Running a Parallel Application on the Cluster

Last updated on 2023-08-02 | Edit this page



  • What output does the Amdahl code generate?
  • Why does parallelizing the amdahl code make it faster?


  • Run the amdahl parallel code on the cluster
  • Note what output is generated, and where it goes
  • Predict the trend of execution time vs parallelism


A high-performance computing cluster offers powerful computational resources to its users, but taking advantage of these resources is not always straightforward. The cluster system does not work in the same way as systems you may be more familiar with.

The software we will use in this lesson is a model of the kind of parallel task that is well-adapted to high-performance computing resources. It’s called “amdahl”, named for Eugene Amdahl, a famous computer scientist who coined “Amdahl’s Law”, which is about the advantages and limitations of parallelism in code execution.


Amdahl’s Law is a statement about how much benefit you can expect to get by parallelizing a computer program.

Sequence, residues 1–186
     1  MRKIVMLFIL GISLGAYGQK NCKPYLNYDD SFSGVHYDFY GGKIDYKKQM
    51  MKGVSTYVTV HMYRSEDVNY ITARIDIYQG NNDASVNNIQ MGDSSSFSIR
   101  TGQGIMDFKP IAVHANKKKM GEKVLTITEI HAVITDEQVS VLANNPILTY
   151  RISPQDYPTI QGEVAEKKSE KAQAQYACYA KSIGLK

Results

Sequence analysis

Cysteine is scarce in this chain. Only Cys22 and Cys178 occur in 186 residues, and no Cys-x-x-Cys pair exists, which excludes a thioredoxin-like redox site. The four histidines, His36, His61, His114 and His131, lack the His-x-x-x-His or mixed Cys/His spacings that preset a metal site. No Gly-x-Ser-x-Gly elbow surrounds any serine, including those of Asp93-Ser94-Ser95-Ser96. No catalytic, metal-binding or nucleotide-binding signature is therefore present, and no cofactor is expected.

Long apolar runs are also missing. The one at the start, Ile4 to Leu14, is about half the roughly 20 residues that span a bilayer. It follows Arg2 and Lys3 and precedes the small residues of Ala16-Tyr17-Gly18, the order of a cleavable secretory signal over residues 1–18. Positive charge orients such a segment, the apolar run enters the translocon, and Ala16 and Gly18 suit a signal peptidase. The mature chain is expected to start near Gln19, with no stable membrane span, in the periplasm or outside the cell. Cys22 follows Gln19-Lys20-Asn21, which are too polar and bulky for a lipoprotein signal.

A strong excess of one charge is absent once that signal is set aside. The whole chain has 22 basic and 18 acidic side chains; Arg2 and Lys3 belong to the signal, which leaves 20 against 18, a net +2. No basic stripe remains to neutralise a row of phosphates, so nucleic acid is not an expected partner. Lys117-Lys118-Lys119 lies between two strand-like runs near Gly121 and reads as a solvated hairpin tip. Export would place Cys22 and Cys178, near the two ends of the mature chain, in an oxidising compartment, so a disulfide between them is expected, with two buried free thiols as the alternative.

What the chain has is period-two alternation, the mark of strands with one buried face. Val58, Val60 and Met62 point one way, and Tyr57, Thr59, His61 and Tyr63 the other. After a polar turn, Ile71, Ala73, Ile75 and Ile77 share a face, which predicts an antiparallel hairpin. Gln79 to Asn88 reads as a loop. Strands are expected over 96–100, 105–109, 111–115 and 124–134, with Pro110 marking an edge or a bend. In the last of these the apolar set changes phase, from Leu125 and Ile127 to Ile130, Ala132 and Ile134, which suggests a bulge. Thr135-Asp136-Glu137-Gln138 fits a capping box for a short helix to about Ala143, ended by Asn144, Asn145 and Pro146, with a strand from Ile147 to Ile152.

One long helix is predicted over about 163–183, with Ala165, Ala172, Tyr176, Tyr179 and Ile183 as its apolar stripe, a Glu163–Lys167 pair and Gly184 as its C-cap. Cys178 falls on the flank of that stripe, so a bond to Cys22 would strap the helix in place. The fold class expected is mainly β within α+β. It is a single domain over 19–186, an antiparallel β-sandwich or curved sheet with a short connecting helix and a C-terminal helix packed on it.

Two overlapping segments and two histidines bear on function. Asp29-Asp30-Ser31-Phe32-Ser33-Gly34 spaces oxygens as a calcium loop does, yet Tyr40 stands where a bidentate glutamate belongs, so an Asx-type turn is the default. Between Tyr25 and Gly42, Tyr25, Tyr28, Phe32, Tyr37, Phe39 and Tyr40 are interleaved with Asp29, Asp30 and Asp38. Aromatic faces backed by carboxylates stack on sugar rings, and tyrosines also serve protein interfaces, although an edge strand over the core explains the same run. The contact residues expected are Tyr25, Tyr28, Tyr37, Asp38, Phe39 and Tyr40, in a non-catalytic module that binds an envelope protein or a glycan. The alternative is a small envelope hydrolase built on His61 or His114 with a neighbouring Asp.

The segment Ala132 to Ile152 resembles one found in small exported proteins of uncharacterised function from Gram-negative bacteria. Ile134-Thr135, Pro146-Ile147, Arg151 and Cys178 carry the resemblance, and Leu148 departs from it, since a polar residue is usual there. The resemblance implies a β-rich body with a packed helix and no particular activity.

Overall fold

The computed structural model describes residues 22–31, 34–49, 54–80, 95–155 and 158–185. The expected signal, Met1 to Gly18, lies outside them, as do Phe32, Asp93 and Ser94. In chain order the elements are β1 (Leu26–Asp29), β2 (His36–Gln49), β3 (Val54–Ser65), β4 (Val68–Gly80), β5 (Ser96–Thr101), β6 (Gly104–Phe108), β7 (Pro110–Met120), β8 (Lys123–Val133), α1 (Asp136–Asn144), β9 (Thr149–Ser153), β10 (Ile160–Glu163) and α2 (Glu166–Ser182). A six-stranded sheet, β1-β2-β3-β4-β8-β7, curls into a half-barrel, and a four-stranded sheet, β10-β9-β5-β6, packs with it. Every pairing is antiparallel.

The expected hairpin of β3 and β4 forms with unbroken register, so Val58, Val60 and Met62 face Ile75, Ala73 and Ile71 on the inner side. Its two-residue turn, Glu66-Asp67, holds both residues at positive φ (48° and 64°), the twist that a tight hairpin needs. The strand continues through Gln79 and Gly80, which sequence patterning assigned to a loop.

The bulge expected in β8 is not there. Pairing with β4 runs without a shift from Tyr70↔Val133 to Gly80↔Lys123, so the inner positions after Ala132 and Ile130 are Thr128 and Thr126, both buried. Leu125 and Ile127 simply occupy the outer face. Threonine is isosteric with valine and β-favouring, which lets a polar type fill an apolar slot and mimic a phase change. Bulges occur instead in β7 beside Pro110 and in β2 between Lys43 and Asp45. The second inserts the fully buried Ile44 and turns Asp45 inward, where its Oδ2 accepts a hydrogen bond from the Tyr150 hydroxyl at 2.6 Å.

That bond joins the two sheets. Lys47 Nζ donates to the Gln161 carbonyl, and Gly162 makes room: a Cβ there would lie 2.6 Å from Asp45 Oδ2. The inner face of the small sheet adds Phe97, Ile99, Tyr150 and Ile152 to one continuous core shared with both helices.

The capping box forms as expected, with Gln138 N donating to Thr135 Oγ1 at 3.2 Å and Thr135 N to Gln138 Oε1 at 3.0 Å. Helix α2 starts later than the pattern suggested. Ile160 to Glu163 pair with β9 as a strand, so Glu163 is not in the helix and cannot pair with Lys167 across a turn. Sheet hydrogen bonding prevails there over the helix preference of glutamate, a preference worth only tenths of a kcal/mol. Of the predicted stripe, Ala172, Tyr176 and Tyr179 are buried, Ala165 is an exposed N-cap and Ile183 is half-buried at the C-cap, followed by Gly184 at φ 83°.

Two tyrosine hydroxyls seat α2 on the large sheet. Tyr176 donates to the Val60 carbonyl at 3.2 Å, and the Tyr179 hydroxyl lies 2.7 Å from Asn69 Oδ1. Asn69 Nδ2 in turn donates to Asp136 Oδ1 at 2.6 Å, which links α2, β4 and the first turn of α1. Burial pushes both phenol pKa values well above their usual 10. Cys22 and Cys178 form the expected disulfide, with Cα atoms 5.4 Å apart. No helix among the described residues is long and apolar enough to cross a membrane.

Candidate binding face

The limitation arises from the fact that, in any application, there is some fraction of the work to be done which is inherently serial, and some fraction which is amenable to parallelization. The law is a quantitative expression of the fact that, by parallelizing the code, you can only ever make the parallel part faster, you cannot reduce the execution time of the serial part.

As a practical matter, this means that developer effort spent on parallelization has diminishing returns on the overall reduction in execution time.

The Amdahl Code

Download it and install it, via pip. Note that amdahl depends on MPI, so make sure that’s also available.

On the HPC Carpentry cluster:

[user@login1 ~]$ module load OpenMPI
[user@login1 ~]$ module load Python
[user@login1 ~]$ pip install amdahl

Running It on the Cluster

Use the sacct command to see the run-time. The run-time is also recorded in the output itself.

[user@login1 ~]$ nano


#SBATCH -t 00:01          # max 1 minute
#SBATCH -p smnodes        # max 4 cores
#SBATCH -n 1              # use 1 core
#SBATCH -o amdahl-np1.out # record result

module load OpenMPI
module load Python

mpirun amdahl
[user@login1 ~]$ sbatch


Run the amdhal code with a few (small!) levels of parallelism. Make a quantitative estimate of how much faster the code will run with 3 processors than 2. The naive estimate would be that it would run 1.5× the speed, or equivalently, that it would complete in 2/3 the time.

[user@login1 ~]$ sbatch  # serial job     ~ 25 sec
[user@login1 ~]$ sbatch  # 2-way parallel ~ 20 sec
[user@login1 ~]$ sbatch  # 3-way parallel ~ 16 sec

The amdahl code runs faster with 3 processors than with 2, but the speed-up is less than 1.5×.

Key Points

  • The amdahl code is a model of a parallel application
  • The execution speed depends on the degree of parallelism